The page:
REVIEW: ELIOT SMITH COMPANY SPRING TOUR 2016

People need to see this.

This is not a special place but what we are seeing right here is special.

I want to explain but I don’t know how. I don’t know where to find the words. Are there even words for this?

What does it mean? Does it have to mean something? Does the choreographer know what she is trying to convey and the story she wants her dancers to tell? If we asked each of the dancers what the performance means, would they all give the same answer? Do we need to understand what the choreographer is trying to convey for the piece to work? Does it mean different things to different people? Does it mean different things to the same person on different occasions?

Is there a right answer? I’m scared of saying the wrong thing. I’m scared of looking foolish. I’m scared to admit I don’t get it. I feel it but I don’t get it. I feel it, that’s for sure. The performance arouses strong emotions in me. Emotions, not meaning. Do I have to find words for the intangible, evocative language of the soul?

I can tell you what I see. Is that enough? This is what I see.

I see hostility. No compassion. Touch that is not connection. A heap of humanity right there on the floor. Together and yet unbearably alone. Individuals observing one another, carrying one another, reaching out to one another – but still individuals, still wrapped up in their own angst, still trapped inside their own skulls.

I’ve read something like this before. Back when I was studying English A level. Back when I was the age of these young dancers. “No matter how I reach out towards you or you reach towards me, we are still locked in our skulls as before” – James Saunders ‘Next time I’ll sing to you’. That’s it right there. That’s what this reminds me of.

I’ve seen something like this before too. Just this week. A moving slideshow of an incredible sculpture – BURNING MAN 2015 BY ALEXANDER MILOV . It makes me want to cry. Just like this performance.

What else do I see?

I see Alyssa Lisle bringing a sensuality to her spirals, her contraction and release, her breathing. Every sense is on fire. Fully engaged. Her technique is so much more than technique. She gets it. She lives it. She breathes it. She’s exploring her whole body, all that she has, testing it, seeing what she is capable of doing with it.

I see Jen Handley working out how to express her inner struggle in her movement and expression. A visual manifestation of the music. Her soul is crying out. Her movement is playing her soul’s melody. She seems alone. Terribly alone. The others are not even watching. But I am watching. I am her witness. A helpless observer.

EliotI see Eliot Smith writhing in uncertainty. Moved by an inner compulsion. Twisting and turning. Looking for release. For relief. But there is none to be found. There’s a strength and fragility, a rawness and vulnerability that are uncomfortable to observe. I want to turn away, but I find I can’t. I’m transfixed.

I see much that moves me. Time stands still. Something important is happening here. I see my own condition. My own feelings of isolation. Of being misunderstood. Of not belonging. Not fitting in. I see myself.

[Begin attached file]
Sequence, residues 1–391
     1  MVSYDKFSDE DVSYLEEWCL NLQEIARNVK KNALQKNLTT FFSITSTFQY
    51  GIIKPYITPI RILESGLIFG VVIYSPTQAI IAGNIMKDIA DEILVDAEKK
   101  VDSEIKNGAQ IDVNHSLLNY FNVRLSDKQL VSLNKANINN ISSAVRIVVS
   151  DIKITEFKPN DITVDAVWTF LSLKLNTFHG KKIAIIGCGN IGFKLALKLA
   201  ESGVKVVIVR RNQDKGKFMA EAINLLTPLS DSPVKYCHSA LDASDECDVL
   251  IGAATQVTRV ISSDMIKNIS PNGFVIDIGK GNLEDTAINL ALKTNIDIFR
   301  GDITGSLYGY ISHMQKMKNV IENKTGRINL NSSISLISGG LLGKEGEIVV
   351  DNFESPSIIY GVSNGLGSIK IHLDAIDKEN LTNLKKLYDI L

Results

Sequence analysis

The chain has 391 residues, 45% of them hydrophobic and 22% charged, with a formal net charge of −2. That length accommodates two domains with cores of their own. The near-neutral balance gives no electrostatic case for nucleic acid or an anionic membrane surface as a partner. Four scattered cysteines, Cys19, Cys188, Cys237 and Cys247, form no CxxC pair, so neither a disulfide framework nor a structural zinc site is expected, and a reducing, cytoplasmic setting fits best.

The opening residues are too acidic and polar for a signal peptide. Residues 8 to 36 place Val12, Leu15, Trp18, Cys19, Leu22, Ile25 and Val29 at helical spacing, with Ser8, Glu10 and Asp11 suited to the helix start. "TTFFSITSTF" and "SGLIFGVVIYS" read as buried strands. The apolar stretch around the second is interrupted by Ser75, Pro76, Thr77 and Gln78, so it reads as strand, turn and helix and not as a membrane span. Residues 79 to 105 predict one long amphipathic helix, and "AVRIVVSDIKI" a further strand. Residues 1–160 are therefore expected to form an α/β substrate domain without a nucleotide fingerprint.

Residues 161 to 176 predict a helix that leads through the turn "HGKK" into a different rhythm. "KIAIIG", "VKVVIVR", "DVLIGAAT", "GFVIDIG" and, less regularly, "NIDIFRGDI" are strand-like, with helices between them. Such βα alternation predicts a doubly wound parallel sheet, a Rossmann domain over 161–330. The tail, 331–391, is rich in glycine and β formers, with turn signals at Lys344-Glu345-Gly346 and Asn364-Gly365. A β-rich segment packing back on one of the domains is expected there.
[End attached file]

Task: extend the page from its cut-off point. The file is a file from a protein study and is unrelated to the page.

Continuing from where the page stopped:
So I am not alone. You know how I feel. You are expressing it right before my eyes.

I am not alone. I am connected. We are connected.

I see that now.

Photo credit: Jason Holcombe Copyright Eliot Smith Company

For more information, visit www.eliotsmithcompany.com

 

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1 Comment

  1. Mark This March 24, 2016 / 8:49 am

    Thanks for your review Helen. Having seen this performance too I can fully understand your struggle to find meaning and to process your emotional response. I have had similar experiences when connecting with art and abstract art in particular.

    Many years ago I was working in cities in a busy vibrant work space. Any breaks that I got I went out for a walk looking for some physical and mental space where I could slow down. Fortunately this is where I discovered the peace and quiet of the art gallery.

    At first I was shocked by my confusion when looking at the pieces on display and thought that I should either like or dislike what I saw.

    Having now spent lots of time and and emotional energy working through this and many others questions around my own ability to process my emotions I have come to understand and accept that when I join in with anothers emotional inner world I neither need to like or dislike or to understand… what I can do is allow myself to travel on this journey without any attachment to arriving.

    Your honest piece has helped me put this into words, so thanks for taking the time and making the effort to express yourself honestly.

    Dance is one of the many art forms that express the humanity and human condition that is so endlessly fascinating, contradictory, frustrating and joyous! It is also something that it seems all humans throughout history have found it hard not to do. Long may we have the energy to dance.

    Best wishes, Mark.

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